Sam Friedman was called up as a reservist in the 2006 Lebanon War. Friedman, now a resident of Pikesville, recalled that his unit did not have the equipment that was needed to mobilize quickly for what became a 34-day conflict with Hezbollah.
“When it comes to army reserves and logistics, it’s not always so easy to provide life-saving materials fast,” said Friedman, 42, who is a partner at Suridata, an Israeli cybersecurity firm.
During the Lebanon War, he contacted “friends in America and found places that could get me equipment quickly,” Friedman said. “They were shipping things to me in Israel.”
Seventeen years later, Friedman is still procuring equipment — this time for the approximately 360,000 Israeli military reservists who have been called up to fight a war provoked by a deadly Hamas attack on Oct. 7.
An estimated 1,400 people were killed and 200 taken hostage by Hamas during its attack. According to the Hamas-run health ministry, more than 5,000 Palestinians have lost their lives as the conflict intensifies in Gaza.
“Securing supplies started as a personal need at one point in time. Now it is a passion project,” said Friedman, a Baltimore native who made aliyah at 19.
Friedman formed a nonprofit organization, called The Friends of the Reserves, to keep the equipment flowing. Local synagogues have held fundraisers for the organization, and support has come from the global Jewish community.
“I’ve been contacted by people from all over the world with loved ones who are soldiers,” Friedman said.
The need is more urgent than ever, he added.
“We haven’t had a scenario like this, that it was this much going on that quickly, that we needed to work this hard,” he said.
The funds raised since the Lebanon War were well invested, Friedman said. Now, the interest from the contributions are being used for supplies. Friedman said he tries as much as possible to procure from Israeli distributors, not only to assure defense ministry compliance, but also to support the Israeli economy.
“We’re not talking about the standing army. I only deal with the reservists. Think about the difficulty that the army would run into trying to draft that quickly, a few hundred thousand soldiers,” Friedman said.
“Even if they have all the equipment, the speed that they need those soldiers to get down to the battles is faster than they’re going to be able to mobilize,” he continued. “It puts us in a situation where, if that’s the equipment we’re missing and there’s a way I can help, then I’m going to help them.”
Friedman said whatever the military doesn’t have access to in Israel, he can find here. “I can source it, buy it and ship it,” he said.
The American manufacturers of equipment “are going above and beyond,” Friedman said. “They are shipping before they get paid. A lot of them are not Jewish and they’re still willing to help.”
His wife, Einat, who is from Israel, is involved in the organization’s work as well. “It’s just the two of us running it,” Friedman said.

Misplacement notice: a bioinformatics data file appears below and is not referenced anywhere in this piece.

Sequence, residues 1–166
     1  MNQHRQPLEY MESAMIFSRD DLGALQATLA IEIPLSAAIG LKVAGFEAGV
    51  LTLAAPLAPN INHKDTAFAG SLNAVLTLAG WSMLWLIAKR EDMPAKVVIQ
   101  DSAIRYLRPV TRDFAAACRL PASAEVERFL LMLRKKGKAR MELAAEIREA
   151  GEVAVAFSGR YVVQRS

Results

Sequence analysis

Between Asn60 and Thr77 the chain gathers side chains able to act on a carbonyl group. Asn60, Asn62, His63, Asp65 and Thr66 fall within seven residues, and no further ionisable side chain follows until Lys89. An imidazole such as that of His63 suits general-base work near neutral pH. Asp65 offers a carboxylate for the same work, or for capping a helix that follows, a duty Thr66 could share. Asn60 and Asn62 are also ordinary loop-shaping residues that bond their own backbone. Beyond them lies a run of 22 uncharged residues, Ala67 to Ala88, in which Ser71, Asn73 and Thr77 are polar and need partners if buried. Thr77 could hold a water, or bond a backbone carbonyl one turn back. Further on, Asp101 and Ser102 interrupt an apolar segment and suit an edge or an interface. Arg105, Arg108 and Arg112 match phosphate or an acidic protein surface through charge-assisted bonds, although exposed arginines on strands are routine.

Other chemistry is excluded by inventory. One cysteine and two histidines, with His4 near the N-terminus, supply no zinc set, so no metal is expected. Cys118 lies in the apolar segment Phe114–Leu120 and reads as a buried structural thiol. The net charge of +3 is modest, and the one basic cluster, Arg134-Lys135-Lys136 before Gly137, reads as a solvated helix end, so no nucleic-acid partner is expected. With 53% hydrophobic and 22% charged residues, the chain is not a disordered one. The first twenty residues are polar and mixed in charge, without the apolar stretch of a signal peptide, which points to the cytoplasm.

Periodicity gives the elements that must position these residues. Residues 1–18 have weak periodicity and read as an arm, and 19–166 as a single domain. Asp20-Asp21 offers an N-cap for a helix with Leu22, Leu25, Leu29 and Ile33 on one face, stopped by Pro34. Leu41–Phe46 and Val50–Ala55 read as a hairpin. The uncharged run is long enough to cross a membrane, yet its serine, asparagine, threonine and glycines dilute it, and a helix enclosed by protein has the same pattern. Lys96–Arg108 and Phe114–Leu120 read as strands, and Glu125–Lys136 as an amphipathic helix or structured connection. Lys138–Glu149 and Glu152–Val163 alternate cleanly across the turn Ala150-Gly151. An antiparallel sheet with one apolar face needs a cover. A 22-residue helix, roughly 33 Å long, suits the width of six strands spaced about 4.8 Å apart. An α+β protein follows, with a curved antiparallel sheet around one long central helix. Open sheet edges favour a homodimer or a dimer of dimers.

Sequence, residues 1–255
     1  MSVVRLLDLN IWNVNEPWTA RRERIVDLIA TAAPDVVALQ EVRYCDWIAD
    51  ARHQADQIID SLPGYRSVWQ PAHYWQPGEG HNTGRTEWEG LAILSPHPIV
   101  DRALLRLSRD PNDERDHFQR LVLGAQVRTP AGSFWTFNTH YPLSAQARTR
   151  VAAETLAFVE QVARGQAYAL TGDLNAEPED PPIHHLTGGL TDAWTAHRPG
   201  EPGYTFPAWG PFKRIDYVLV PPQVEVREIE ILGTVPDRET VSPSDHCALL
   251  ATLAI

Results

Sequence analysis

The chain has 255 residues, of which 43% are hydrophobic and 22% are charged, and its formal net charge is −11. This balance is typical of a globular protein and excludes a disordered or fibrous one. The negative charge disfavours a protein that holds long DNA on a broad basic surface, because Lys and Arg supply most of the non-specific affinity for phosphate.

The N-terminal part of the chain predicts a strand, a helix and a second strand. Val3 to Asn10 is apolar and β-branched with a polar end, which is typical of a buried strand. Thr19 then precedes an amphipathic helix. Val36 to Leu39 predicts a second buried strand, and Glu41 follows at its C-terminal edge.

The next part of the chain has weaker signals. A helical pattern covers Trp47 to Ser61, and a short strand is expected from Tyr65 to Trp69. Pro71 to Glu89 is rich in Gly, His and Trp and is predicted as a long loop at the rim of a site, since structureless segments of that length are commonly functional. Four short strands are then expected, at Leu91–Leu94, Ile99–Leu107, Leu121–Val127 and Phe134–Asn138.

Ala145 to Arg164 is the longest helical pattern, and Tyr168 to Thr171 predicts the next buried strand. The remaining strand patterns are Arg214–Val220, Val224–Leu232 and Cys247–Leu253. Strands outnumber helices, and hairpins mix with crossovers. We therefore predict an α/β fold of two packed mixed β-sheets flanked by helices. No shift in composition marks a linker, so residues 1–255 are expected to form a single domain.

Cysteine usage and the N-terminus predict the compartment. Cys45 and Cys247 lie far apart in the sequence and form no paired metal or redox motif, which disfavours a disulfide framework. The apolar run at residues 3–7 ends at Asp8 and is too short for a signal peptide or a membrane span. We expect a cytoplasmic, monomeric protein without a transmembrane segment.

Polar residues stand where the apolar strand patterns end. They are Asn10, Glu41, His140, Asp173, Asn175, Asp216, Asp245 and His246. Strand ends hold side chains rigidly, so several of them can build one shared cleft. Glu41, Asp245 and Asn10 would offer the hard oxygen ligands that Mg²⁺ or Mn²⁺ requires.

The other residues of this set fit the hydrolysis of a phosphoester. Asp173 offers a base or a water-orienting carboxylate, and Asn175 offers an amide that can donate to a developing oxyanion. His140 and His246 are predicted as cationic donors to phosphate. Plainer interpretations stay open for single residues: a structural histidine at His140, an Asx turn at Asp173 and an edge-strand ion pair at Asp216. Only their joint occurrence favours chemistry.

Friedman studied counterterrorism and homeland security at Reichman University in Herzliya, Israel, after completing his compulsory military service in Israel.
Einat Friedman was an officer in the Israel Defense Forces and a lawyer.
The couple moved to Baltimore eight years ago when Friedman’s former cybersecurity company opened a U.S. branch.
They have four children and belong to the Chabad Israeli Center of Baltimore and Beth Tfiloh Congregation. The children attend Beth Tfiloh Dahan Community School.
The family plans to move back to Israel at some point in the future.
Sam Friedman is a descendant of Holocaust survivors, a motivating force in his decision to make aliyah and serve in the IDF.
“My grandparents were in a place that they didn’t have a way to defend themselves,” he said. “It’s my obligation and privilege, as a grandson of Holocaust survivors, to protect the Jewish nation. Without a strong standing Israeli army, the Jews aren’t going to be safe anywhere in the world.”
Friedman said he has friends and family members who were called up from the reserves, and two men he served with were both killed on the first day of the war.
“It’s not the first time I’ve gone through that,” he noted. “I’ve lost friends in pretty much every battle.”
Recently, Friedman sent over 25 handheld radios for one of the army’s reconnaissance reservist teams. He also shipped 125 bulletproof vests to an emergency response team.
“It wasn’t something that the army couldn’t provide,” he said. “They just needed them quickly and I had access. I bought them and sent it to them so they had it the same day.”
His wife’s family lives in the lower Galilee where Lebanon’s Hezbollah has joined the fighting.
“My family is tough,” he said. “They’re not going anywhere. They’re going to stand their ground.”
What’s next for The Friends of the Reserves? “To keep going, keep supplying, keep doing whatever they need me to do, whatever they need,” Friedman said.